Year review: It was another tumultuous year of action, both on and off the track, in Formula One, and one that ended with the whole future of the sport set for change.
Racing in the corridor of uncertainty
It was another tumultuous year of action, both on and off the track, in Formula One, and one that ended with the whole future of the sport set for change. Racing wise, the 2008 season will be remembered for Lewis Hamilton winning his first title in only his second season in the sport.
The Briton also became the youngest world champion as he and McLaren-Mercedes took the honours by a single point after a thrilling finale. He got the better of Ferrari's Felipe Massa by finishing fifth at the final race in Brazil, but only after passing the Toyota of Timo Glock at the final corner to get the all important extra point he needed. Hamilton had an inconsistent season. When he was good he was great as his wet race wins in Monaco and Britain showed, while his mature and dominant display in China when he was under massive pressure was arguably his best performance of the season.
But there were also some awful mistakes. Nearly stalling at the start in Bahrain, crashing into Kimi Raikkonen's Ferrari in the pit lane in Canada, and a reckless move at the first corner in Japan that ruined his race were all low points. He was just about worthy of being the champion overall, but he will need to raise his game to repeat the feat next year. Massa can feel hard done by as it was ultimately his team that let down his championship aspirations. Pit-stop blunders in Canada and at the first ever Formula One night race in Singapore, as well as a blown engine in Hungary lost the Brazilian at least 18 points, which would have made all the difference to his hopes.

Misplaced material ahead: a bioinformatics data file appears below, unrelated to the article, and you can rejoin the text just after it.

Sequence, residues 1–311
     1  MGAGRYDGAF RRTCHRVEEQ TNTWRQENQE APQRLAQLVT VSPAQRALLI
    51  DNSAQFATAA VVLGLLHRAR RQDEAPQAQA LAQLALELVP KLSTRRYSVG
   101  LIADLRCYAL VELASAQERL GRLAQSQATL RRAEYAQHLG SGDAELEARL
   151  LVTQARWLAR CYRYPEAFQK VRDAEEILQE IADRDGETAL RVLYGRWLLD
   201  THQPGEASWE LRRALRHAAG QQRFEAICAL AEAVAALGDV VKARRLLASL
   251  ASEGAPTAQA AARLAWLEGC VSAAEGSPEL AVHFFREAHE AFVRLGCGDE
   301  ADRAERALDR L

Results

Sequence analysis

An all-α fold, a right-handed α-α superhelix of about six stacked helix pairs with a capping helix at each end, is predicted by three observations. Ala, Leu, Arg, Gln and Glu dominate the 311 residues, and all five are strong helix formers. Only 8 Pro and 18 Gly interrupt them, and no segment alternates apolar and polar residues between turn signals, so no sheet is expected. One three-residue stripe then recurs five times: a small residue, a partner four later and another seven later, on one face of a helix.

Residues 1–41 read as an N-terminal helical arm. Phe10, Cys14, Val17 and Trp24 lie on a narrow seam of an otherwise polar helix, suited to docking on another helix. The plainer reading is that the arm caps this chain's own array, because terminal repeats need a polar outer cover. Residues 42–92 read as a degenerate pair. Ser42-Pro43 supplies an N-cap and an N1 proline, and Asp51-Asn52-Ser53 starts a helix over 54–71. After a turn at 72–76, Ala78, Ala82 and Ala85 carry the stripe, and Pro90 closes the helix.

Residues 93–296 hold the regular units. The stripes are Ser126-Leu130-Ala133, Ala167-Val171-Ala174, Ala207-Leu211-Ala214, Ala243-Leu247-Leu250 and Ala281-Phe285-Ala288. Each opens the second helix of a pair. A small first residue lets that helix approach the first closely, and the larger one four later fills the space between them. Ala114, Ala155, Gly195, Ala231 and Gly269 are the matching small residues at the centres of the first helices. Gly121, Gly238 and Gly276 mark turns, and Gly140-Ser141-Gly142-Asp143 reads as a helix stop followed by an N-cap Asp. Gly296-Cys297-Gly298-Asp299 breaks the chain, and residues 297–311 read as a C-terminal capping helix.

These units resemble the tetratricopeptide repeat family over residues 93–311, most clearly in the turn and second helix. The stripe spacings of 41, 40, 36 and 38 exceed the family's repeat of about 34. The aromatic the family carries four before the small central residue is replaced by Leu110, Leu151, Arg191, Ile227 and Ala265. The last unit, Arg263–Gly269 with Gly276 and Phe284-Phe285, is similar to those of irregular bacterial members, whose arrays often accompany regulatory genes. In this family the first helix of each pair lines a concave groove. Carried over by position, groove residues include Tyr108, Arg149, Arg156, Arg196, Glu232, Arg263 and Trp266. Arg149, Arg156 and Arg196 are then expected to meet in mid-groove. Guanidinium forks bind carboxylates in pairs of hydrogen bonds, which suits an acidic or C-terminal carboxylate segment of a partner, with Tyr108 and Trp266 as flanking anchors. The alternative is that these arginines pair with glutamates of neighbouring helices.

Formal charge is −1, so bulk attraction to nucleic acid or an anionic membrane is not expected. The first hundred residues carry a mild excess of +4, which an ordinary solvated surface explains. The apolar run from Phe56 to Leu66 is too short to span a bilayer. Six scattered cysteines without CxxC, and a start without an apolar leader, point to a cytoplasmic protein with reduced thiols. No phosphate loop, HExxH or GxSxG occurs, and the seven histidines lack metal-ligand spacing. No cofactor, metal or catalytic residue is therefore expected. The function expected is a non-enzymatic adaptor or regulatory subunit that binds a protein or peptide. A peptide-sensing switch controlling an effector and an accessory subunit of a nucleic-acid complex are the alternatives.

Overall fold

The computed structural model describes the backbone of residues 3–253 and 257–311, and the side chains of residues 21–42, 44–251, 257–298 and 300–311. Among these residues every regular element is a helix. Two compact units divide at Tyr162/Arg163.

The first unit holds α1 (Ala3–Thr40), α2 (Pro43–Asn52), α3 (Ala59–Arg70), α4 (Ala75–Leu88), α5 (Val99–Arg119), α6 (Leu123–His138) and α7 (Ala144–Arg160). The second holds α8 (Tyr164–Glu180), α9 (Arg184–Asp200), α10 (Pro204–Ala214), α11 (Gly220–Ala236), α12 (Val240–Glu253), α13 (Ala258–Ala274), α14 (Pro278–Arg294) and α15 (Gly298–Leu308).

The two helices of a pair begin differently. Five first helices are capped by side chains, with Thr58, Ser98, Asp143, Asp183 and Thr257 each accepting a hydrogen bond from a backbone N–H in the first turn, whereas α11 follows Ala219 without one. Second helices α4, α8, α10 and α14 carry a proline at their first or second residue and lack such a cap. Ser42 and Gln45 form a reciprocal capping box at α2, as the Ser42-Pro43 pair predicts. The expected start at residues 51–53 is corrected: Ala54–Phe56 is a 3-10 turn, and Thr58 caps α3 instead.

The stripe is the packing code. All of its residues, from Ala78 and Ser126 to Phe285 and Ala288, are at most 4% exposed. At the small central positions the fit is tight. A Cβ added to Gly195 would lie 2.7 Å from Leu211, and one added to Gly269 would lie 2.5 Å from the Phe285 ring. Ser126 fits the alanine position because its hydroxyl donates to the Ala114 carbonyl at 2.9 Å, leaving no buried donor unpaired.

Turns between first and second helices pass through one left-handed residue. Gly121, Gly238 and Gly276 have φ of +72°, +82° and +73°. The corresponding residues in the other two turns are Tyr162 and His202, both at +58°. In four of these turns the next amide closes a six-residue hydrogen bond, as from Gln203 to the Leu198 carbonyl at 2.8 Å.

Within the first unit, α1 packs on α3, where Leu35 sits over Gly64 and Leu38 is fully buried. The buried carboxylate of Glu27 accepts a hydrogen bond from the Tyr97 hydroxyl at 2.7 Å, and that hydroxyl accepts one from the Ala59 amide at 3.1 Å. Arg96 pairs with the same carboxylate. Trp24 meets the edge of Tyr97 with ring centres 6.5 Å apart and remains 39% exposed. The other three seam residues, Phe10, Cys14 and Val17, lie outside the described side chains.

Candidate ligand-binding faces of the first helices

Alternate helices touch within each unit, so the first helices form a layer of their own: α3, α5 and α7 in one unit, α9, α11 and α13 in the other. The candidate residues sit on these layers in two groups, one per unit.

He had recovered from crashes in the opening two races in Australia and Malaysia to cut out the erratic mistakes and put in his most accomplished campaign to date. He will also have gained a lot of fans from the gallant manner in which he took his last-gasp defeat by Hamilton in front of his own fans. This was one of the most entertaining seasons. There was tremendous racing, drama and plenty of surprises all down the field.
Seven drivers won races with Heikki Kovalainen, Robert Kubica and Sebastien Vettel all triumphing for the first time. Kubica and Vettel demonstrated their potential to be future champions as both impressed at BMW Sauber and Toro Rosso. However, it wouldn't be Formula One without controversy and that came in September when Hamilton was stripped of victory in Belgium after being judged by the race stewards to have gained an advantage by cutting a chicane as he fought for the lead with Raikkonen in the final laps on a damp circuit.
Massa was handed the win and while it was a harsh, but fair, decision to penalise Hamilton, it would have left a sour taste had Massa won the title because of that decision, which would have been the case had the Briton finished sixth in Brazil and the drivers had finished level on points. Massa would have won on most wins - six to five. Raikkonen's was a season to forget. After a strong start to the campaign in which he won two of the first four races, his title defence floundered. A mixture of struggling with car balance and tyre temperatures, along with some bad luck ensured he had to be happy with a distant third in the standings.
The double world champion Fernando Alonso and Renault showed they may be in a position to challenge for honours next year after the Spaniard triumphed in Singapore and then in Japan. Sadly the series lost the Super Aguri team and their race drivers Anthony Davidson and Takuma Sato in April due to financial problems, but the real shock came earlier this month when Honda pulled out due to the global credit crunch. Talks had already been planned over cost-cutting, but the Japanese team's departure ensured that the plans for a standard engine and other initiatives were given the thumbs up.
Many of the changes won't be enforced until 2010, but next year's championship, which will have it's finale in Abu Dhabi, will see the cars looking very different with the return of slick tyres and new rear and front wing configurations, as well as the new KERS energy power system. With only 18 cars at present scheduled to be on the grid for the opening race in Melbourne in March, and still concerns over the financial viability of the sport to the manufacturers, an uncertain time is ahead off the track.